Are governors responsible for their own predicament? To some extent. Arnold Schwarzenegger, in particular, deserves some jeers. He became governor in the first place because voters were outraged over his predecessor's budget problems, but he did nothing to secure the state's fiscal future -- and he now faces a projected budget deficit bigger than the one that did in Gray Davis.
Krugman's column, although true enough, is lacking in crucial context.  Because California's Legislature is controlled by Democrats, it was impossible for Schwarzenegger to cut spending upon taking office. And with the two-thirds vote requirement, it's been tough for him to get Republican support to raise taxes and cover the current $11.2 billion shortfall.

His column also fails to acknowledge that states, unlike the federal government, can't engage in deficit spending. They have to balance their budgets each year, at least on paper.

Krugman, I suspect, enjoys tangling with Schwarzenegger. He dinged him in this blog entry in November, was ambivalent about his health care reform proposal in 2007 and, of course, called him "Conan the Deceiver" in this piece from 2003.
December 24, 2008
In Nevada's budget crisis, everything is on the table
As California's budget impasse drags on and on, with Republicans refusing to raise taxes and the governor haggling with Democrats over non-budget policy issues, it's an appropriate time to check in with our neighboring state -- Nevada.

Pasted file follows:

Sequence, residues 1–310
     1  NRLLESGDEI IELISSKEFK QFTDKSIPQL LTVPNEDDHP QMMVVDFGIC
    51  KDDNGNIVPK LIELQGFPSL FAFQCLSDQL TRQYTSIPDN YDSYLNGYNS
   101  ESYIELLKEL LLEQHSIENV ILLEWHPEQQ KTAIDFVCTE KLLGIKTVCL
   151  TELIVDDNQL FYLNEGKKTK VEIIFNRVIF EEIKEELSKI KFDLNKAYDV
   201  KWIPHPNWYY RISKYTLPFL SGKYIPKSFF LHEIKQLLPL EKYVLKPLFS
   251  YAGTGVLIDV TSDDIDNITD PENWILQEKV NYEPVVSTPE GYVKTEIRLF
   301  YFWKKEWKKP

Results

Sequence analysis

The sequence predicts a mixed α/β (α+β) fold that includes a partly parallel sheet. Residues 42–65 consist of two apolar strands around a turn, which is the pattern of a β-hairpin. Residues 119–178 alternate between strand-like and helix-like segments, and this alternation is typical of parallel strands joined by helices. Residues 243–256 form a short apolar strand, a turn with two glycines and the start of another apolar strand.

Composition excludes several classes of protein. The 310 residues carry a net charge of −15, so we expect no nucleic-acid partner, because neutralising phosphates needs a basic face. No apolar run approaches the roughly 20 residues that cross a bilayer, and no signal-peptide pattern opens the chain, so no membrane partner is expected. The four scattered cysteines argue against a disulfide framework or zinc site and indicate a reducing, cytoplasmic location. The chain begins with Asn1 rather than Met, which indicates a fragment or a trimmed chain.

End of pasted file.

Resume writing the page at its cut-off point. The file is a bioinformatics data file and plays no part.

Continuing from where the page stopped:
There, with Democrats controlling both houses and Republican Jim Gibbons in the governor's office, Nevada leaders closed a $1.2 billion shortfall in the state's two-year budget by cutting programs, exhausting the state's rainy day fund, shelving building construction, and borrowing money. 

Having made those tough choices, Republican leaders are now acknowledging that higher taxes are inevitable as the governor and lawmakers prepare a new two-year budget for the fiscal year that begins midway in 2009. 

Senate Minority Leader Bill Raggio, R-Reno had this to say to the Reno Journal Gazette:

"It will be very difficult for the governor to craft a budget that doesn't include any revenue enhancements. Everything has to be on the table."

If low-tax Nevada raises taxes, it will hardly be alone. Several other states are planning to raise fees and taxes to deal with a historic downturn in revenues. One of them is Idaho, where Gov. Butch Otter, a Republican, who wants the Legislature to raise vehicle-registration fees, raise the 25-cents-per-gallon gas tax and broaden the sales tax to include rental cars, according to a story Tuesday in the Washington Times.

Don't get me wrong. I'm not suggesting that California pattern itself after Idaho or Nevada, a state with legal brothels. But at least leaders of those states aren't allowing ideology to get in the way of a budget solution.

December 23, 2008
It could be worse: You could work for Watsonville